ESG Investor’s weekly round-up of news about funds designed to meet sustainable investing criteria, including KGAL Investment Management, JP Morgan Asset Management, Stafford Capital Management, Northwestern Mutual, Hartford Funds and Manulife.
KGAL Investment Management has launched one of the first impact funds to achieve an EU Sustainable Finance Disclosure Regulation (SFDR) rating of Article 9 (the highest in terms of sustainability). Its renewable energy impact fund, KGAL ESPF 5 is designed to enable institutional investors to simultaneously pursue their financial goals and to have a positive impact on the global environment, said the firm. The predecessor fund, KGAL ESPF 4, closed at the end of 2019 with €750 million in equity commitments. “For investors, sustainability and impact measurement are increasingly essential,” said Christian Schulte Eistrup, Head of KGAL’s international institutional business. Multidimensional diversification across power generation technologies, geography and asset lifecycles will be central to KGAL ESPF 5’s investment strategy. The fund will invest in renewable energy generation through photovoltaics, onshore and offshore wind power, and hydropower. Investments in other renewable energy generation and storage technologies as well as grid infrastructure will also be considered. The fund aims to achieve a target return of 7-9 % over its 10-year term.
Specialist real assets and private markets manager Stafford Capital Partners has completed its largest fundraise, attracting US$695 million for its Stafford International Timberland Fund IX (SIT IX). This brings the manager’s total timberland assets under management to $US2.9 billion. SIT IX invests in high-quality timberland assets globally, primarily through the secondaries market. The aim of the fund is to build a diversified portfolio mainly in existing softwood, hardwood and eucalyptus plantations. The fund has made eight investments to date, committing 33% of capital contributions in a yielding portfolio of 22 timberland assets and seven fund vintages. Stephen Addicott, Co-Managing Partner of Timberland, said: “To have reached this milestone amongst a global pandemic is a testament to the resilience of the global timberland market and Stafford’s diverse investment approach including secondaries, co-investments and primary fund commitments.”
Northwestern Mutual has launched a US$100 million impact investing fund focused on addressing inequality and the racial wealth gap in the US. The fund will direct investments to black and African-American communities in the US, focusing on physical and social infrastructure, access to capital for individuals and businesses, and healthy sustainable neighbourhoods and communities. “The Impact Investing fund is intended to make measurable improvement in racial equity, while also generating a positive financial return for our policy owners,” said Ray Manista, Executive Vice-president and Chief Legal and Compliance Officer at Northwestern Mutual. The fund is part of Northwestern’s US$15 billion socially responsible investing (SRI) portfolio within its general account, which focuses on socio-economic and green investments broadly. Other investments include the US$20 million Future Ventures fund, which to date has made investments in five companies founded by black entrepreneurs, and the Black Founder Accelerator, which aims to close the funding gap for black company founders.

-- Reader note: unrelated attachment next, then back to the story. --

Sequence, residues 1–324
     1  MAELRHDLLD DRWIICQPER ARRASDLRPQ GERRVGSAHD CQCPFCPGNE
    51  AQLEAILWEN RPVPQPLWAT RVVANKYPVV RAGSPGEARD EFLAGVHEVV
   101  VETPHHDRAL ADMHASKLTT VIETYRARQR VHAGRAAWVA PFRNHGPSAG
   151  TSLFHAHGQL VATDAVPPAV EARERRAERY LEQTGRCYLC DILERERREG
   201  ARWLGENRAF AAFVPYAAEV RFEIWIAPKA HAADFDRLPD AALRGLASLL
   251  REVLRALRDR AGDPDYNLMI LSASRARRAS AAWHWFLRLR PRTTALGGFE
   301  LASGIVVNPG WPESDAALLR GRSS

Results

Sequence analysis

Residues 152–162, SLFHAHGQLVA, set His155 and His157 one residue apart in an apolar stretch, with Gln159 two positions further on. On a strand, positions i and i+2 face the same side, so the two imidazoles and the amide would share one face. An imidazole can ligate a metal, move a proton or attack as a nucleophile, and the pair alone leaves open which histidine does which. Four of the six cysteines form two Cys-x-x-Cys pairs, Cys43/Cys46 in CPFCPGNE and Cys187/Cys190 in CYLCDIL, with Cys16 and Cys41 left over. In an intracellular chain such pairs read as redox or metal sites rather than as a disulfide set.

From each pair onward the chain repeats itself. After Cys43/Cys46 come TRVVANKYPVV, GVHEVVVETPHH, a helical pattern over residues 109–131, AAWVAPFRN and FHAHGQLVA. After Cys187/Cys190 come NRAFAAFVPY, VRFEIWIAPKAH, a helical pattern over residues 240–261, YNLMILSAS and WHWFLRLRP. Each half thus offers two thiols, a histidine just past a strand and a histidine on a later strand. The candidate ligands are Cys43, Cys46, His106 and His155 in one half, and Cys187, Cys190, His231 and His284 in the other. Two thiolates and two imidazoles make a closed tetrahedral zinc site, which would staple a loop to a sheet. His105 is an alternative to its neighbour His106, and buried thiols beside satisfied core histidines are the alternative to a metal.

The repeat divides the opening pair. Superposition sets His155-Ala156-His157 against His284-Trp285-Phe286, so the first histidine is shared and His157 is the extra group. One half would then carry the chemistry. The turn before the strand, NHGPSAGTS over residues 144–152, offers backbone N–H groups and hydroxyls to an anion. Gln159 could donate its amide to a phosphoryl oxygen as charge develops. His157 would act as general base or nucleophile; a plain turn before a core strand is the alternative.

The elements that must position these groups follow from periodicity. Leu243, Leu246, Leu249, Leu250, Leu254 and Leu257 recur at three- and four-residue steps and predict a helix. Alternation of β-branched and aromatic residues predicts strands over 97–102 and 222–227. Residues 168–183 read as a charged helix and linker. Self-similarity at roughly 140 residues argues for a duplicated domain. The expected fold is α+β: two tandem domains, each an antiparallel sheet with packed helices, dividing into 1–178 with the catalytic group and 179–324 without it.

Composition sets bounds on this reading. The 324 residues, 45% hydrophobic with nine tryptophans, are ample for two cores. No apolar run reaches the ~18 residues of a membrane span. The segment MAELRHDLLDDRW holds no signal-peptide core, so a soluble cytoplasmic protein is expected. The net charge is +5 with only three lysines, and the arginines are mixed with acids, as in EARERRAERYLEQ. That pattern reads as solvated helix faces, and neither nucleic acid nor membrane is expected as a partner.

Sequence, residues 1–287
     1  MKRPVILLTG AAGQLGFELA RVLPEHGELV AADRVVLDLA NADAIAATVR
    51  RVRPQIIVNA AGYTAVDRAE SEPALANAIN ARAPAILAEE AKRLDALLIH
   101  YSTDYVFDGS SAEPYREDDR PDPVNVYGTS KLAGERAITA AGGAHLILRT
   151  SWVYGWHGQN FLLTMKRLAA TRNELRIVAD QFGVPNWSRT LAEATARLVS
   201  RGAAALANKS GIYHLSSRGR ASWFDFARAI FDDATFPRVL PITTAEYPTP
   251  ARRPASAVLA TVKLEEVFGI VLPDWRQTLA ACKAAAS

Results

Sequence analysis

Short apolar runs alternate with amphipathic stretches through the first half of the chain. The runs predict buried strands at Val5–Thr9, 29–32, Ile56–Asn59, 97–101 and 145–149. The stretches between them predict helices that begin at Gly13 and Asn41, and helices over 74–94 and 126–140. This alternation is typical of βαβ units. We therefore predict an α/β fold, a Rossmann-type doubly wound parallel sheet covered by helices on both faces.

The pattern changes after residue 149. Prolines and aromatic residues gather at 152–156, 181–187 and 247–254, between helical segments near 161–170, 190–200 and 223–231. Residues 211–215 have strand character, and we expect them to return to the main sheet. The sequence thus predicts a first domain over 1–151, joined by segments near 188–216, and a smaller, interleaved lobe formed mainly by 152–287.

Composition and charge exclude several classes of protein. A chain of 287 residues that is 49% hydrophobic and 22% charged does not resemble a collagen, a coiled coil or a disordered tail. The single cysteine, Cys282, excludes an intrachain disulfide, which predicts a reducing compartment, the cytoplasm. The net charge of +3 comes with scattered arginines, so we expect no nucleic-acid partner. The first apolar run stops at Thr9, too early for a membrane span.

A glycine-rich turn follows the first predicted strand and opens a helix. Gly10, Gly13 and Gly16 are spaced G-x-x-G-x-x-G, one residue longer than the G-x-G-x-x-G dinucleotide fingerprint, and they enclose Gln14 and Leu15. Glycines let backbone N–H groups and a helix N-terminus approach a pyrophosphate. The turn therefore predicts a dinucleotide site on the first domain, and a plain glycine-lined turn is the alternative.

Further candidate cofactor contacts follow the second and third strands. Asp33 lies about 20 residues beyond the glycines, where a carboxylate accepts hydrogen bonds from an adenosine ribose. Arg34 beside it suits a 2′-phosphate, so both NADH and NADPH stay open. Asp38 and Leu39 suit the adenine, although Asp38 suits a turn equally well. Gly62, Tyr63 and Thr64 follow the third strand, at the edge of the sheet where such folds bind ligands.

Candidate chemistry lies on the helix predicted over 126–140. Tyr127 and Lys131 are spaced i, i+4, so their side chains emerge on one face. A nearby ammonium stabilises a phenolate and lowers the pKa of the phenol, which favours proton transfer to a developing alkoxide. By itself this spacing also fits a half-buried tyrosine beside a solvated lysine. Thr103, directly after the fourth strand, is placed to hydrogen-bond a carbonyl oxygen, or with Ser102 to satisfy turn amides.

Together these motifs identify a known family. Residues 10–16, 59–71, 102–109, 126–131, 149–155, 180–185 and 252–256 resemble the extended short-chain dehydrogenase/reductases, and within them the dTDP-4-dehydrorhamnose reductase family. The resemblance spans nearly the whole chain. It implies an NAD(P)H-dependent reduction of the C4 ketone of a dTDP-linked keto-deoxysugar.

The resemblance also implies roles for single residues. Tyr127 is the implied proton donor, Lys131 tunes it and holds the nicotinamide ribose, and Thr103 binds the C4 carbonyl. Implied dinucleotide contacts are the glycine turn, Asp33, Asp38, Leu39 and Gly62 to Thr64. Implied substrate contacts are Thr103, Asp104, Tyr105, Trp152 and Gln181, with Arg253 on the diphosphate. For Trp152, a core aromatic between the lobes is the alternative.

JP Morgan Asset Management has launched the US Sustainable Equity Fund, a SICAV incorporated in Luxembourg. The US$10.04 million fund invests at least 67% of assets in equities of US sustainable companies or US companies that demonstrate improving sustainable characteristics. The asset manager defines sustainable companies as those with effective governance and superior management of environmental and social issue. The fund falls under Article 8 of SFDR, as it incorporates strategies that promote social and/or environmental characteristics, but does not have sustainable investing as a core objective.
Hartford Funds has launched its first ESG-focused ETF, which will be sub-advised by Schroders Investment Management. Looking to outperform against the Russell 1000 Index, the Hartford Schroders ESG US Equity ETF (HEET) will invest in a diversified range of US equities and equity-related securities that meet the firm’s ESG criteria. Adopting the ESG screening process developed by Schroders, companies will be quantitatively assessed on their ESG criteria, including the strength of their environmental practices, climate change impact and positive stakeholder relationships. “We believe that applying ESG principles to an ETF, and leveraging Schroders’ quantitative investing expertise and proprietary approach to ESG investing, can provide stronger returns and make for a better investor experience on multiple levels,” said Vernon Meyer, Hartford Funds CIO.
Manulife Investment Management has made an impact-first investment in 89,800 acres of timberland in the US through its subsidiary company Hancock Natural Resource Group. The acquisition will serve as an opportunity for the firm to better integrate nature-related solutions into its investment decisions. As a method of storing carbon, the asset manager reserves the option to sell the resulting carbon credits from the timberlands as offsets or to use the carbon removals as insets to contribute to its net zero target. “We are well-positioned to seek positive climate impact and to invest in assets to create carbon sequestration and other conservation opportunities derived from forests for the benefit of our clients. We believe impact-first investments can meet the needs of those who are interested in offsetting carbon emissions and who may value other positive environmental or social impacts as well as generating financial returns,” said Tom Sarno, Global Head of Timberland Investments at Manulife Investment Management.